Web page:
Those old apps can learn new tricks
When the iPhone landed in 2007, Apple’s preinstalled apps for weather, stocks and a calculator were pretty basic. Once the more versatile third-party apps hit the scene a year later, it was easy to forget about those default offerings. Over time, though, Apple and Google have added many fresh features to those old apps, and added new offerings.
Here’s a quick guide to several Apple- and Google-made apps — and how to delete them if you still never use them.
Updates to Apple’s Standbys
If you haven’t opened Apple’s Weather app in a few years, it has had a major overhaul after Apple bought the rival Dark Sky weather app in 2020 and integrated its technology. Apple Weather now includes precipitation alerts, hyperlocal forecasts and color radar maps. Panels displaying air quality, the ultraviolet index, humidity, wind speed and sunrise/sunset times tap open for detailed information. There’s also a 10-day forecast — tap a day to see its predicted high and low temperatures and conditions.
In Apple’s Stocks app, you can still look up ticker symbols in the search box. If you’ve set up a custom watch list (or several), tap a ticker symbol to get a screen full of data; tap the time ranges at the top of the chart to see the performance over time, or swipe through the data below the chart to see more details.
Pressing the middle of the chart with one finger shows the value for a certain day and time, and pressing with two fingers shows the difference in value over time. Want a quick view of a stock’s performance? Just press and hold its ticker symbol in your watch list.
The trusty old Calculator app — which has long concealed a scientific calculator for more advanced mathematical functions when you use the iPhone in landscape mode — has a few other shortcuts. Accidentally enter the wrong number? Just swipe to the left or right on the display to delete the last digit. And press your finger down to copy a calculation for pasting elsewhere.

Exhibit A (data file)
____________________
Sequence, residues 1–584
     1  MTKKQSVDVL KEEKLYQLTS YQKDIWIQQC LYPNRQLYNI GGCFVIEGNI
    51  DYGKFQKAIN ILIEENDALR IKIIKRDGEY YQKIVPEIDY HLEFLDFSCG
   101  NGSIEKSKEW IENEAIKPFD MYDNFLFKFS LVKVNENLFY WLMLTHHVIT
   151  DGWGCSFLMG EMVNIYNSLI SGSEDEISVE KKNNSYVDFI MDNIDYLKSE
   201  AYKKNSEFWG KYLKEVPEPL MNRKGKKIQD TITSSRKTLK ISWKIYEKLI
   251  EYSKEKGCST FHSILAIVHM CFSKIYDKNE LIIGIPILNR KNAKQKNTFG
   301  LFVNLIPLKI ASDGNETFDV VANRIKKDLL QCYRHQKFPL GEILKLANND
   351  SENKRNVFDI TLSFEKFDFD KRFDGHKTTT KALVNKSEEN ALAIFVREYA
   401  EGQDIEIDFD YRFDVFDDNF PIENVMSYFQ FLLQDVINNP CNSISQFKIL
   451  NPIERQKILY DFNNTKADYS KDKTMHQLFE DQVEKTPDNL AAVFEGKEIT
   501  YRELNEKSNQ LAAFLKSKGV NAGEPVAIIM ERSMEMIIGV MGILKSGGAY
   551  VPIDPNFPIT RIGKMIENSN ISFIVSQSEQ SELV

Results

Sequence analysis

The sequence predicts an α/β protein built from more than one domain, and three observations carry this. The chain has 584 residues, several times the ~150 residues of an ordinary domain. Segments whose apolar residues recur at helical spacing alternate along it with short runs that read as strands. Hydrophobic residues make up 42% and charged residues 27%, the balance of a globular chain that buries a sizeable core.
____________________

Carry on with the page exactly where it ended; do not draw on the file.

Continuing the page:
The Android Toolbox
Android’s preinstalled software differs, depending on the version of the operating system. But a Calculator app has been standard since the early days; the current edition handles basic math and scientific operations like trigonometric, logarithmic and exponential functions no matter which way you hold the phone, and the screen at the top stores your past calculations.
Some hardware makers like Samsung have their own versions; the Samsung Calculator includes a unit converter function for translating measurements.
You can track both weather and stocks through the Google app on most Android phones. When you open the app and tap the weather button, you can save a shortcut to the forecast on your home screen; if you don’t see the option, tap the three-dot menu icon on the right and choose Add to Home Screen.
To set up and track your stock portfolio, tap the Stocks button and add ticker symbols, mutual funds and other content to your watch list. Google supplies news stories related to your list, and you can save a Google Finance shortcut to your home screen.
Finding More Free Apps
Apple and Google have created dozens of tools that make your phone even more of a digital Swiss Army knife, like the free language translation, health and maps apps. Apple tends to load these, such as its Magnifier, Voice Memos, Measure and Compass apps, on new devices. If you don’t see one you’re looking for, search for a free download in the App Store.
Depending on the phone, you may find certain Google-built apps already installed; the Google Play Store has a whole page of free Android apps developed by Google to browse. Many Google-developed apps have iOS counterparts and are available on the iOS App Store, like Google Earth and Socratic, a homework helper powered by artificial intelligence.
Use It, or Lose It
If you’re not using an app, deleting it saves space and helps you keep your home screen organized. Apple now allows most of its own iPhone apps to be removed by pressing down on an icon until a menu with a “remove” option appears.
On an Android phone, you can delete many apps quickly by dragging each icon to the top of the screen to the Uninstall option.
And if you change your mind later, you can always download those apps again.
This article originally appeared in The New York Times.
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